Replacing Minyans With Meditation in Times of Corona

Disasters tend to affect relationships. At times bringing people closer, and at times pushing them far apart.

The coronavirus, a disaster if ever there was one, is no different. It is affecting relationships far and wide as people deal with isolation, or inundation, self-quarantine or quarantine with a loved-one… none of it is simple.

But there is another relationship being put to the test. Synagogues are shutting down one after another, mikveh’s are no longer a safe space, and a minyan is now considered a health hazard. With all these ties to god, both communal and personal, being chopped off one after the other, we are having to redefine how we connect with the Almighty.

You see, Judaism understands that our lives are busy and full, so it sets out specific times and places where we are able to connect. As you step into the sanctuary of a synagogue, you are severing from the million work emails and your wife’s requests to get milk on your way home. This is a space for your connection to Hashem, even if it is a mere ten minutes mumbling of mincha.

When it comes to work or university, being physically present is a means to an end. Videoconferencing for a meeting or taking online courses is not the biggest deal. But for our religious spaces, being present is the goal. There is a reason that you cannot Skype a tenth man in to make a minyan or put on 3D goggles to virtually dip into the mikvah…. These things demand presence.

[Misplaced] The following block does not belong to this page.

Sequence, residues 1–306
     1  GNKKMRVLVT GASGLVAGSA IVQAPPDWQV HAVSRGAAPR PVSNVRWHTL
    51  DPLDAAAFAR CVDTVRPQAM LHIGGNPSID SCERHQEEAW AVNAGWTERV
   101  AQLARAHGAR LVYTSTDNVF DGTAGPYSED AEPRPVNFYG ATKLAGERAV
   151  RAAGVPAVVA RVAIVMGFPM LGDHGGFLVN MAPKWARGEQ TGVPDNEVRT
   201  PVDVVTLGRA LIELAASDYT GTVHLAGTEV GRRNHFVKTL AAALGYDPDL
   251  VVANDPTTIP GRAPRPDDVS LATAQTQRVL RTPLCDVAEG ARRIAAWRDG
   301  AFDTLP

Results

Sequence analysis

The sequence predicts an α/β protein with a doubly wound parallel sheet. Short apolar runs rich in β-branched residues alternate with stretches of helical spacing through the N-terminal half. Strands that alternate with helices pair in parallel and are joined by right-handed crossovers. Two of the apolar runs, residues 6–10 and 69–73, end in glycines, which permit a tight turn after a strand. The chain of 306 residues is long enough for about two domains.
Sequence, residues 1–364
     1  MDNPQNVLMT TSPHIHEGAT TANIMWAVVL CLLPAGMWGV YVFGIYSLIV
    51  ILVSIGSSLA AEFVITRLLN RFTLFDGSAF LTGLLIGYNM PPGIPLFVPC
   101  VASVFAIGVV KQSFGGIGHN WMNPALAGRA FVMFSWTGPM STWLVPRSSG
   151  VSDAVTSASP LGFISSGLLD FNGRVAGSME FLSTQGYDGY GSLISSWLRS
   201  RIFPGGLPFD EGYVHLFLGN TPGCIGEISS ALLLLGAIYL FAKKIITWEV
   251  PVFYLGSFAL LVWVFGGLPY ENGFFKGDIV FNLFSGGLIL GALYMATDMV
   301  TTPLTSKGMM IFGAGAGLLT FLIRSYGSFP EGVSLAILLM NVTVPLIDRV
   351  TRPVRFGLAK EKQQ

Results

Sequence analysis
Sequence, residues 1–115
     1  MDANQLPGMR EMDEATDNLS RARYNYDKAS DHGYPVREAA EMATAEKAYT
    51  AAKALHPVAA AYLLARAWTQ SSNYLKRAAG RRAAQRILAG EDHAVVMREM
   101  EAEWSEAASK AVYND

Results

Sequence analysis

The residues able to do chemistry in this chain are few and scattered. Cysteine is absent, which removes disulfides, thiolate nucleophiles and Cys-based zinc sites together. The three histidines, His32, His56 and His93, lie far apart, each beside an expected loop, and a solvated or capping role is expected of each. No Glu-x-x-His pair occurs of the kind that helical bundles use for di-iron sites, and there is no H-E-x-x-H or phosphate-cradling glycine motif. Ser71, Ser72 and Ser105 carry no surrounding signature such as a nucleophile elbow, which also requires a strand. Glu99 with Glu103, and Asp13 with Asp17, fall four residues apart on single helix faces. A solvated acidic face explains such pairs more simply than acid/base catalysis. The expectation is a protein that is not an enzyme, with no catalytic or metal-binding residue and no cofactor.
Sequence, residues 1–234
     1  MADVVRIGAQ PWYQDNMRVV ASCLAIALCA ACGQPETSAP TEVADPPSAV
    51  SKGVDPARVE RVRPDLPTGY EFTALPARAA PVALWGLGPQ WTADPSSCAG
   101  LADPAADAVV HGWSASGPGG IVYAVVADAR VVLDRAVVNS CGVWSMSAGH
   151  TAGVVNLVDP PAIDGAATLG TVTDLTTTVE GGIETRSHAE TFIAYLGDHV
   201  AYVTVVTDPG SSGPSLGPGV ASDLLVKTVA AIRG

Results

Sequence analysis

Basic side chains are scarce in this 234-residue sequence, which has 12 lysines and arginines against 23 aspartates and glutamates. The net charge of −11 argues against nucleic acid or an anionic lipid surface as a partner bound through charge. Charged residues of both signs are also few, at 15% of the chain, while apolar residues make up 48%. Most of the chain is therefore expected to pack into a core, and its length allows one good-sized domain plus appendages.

But, of course, the number one Jewish value is to choose life. It supersedes everything else, from weddings, to bar mitzvahs, even saying kaddish for a loved one. The concept of ‘Pikuach Nefesh’, saving lives, trumps all.

It leaves us with a challenge, one I hope most of us will conquer. Perhaps, In this time, rather than lamenting the loss of our significant rituals and halachic duties that we are simply not able to do, we can invent new and creative ways of connecting.

Perhaps it is time to channel a new kind of presence- mental presence. Let’s use this abundance of quality time with ourselves for focusing our minds. For those of us who are not tasked with becoming teachers overnight to our children, try take as much time as you can out of the day to switch off your Netflix and switch on your mind. Pick up tehillim, a siddur, say your own prayer, focus on your own voice, meditate and just be *present*.

Let’s not let this time in physical isolation be a time to let our connection to our religion fade away, lets rather use it as a diving board into unfamiliar territory, exploring a mental presence that we may have never had the time to explore before.

Wishing everyone only health, happiness, and of course, connection in these isolating times.

About the Author
I am a British Student completing my Master’s degree in political science. Raised in a traditional Jewish home, I have always been passionate about my heritage. At the same time I believe it's important to be involved in political activism and keeping a finger on the pulse of secular society.
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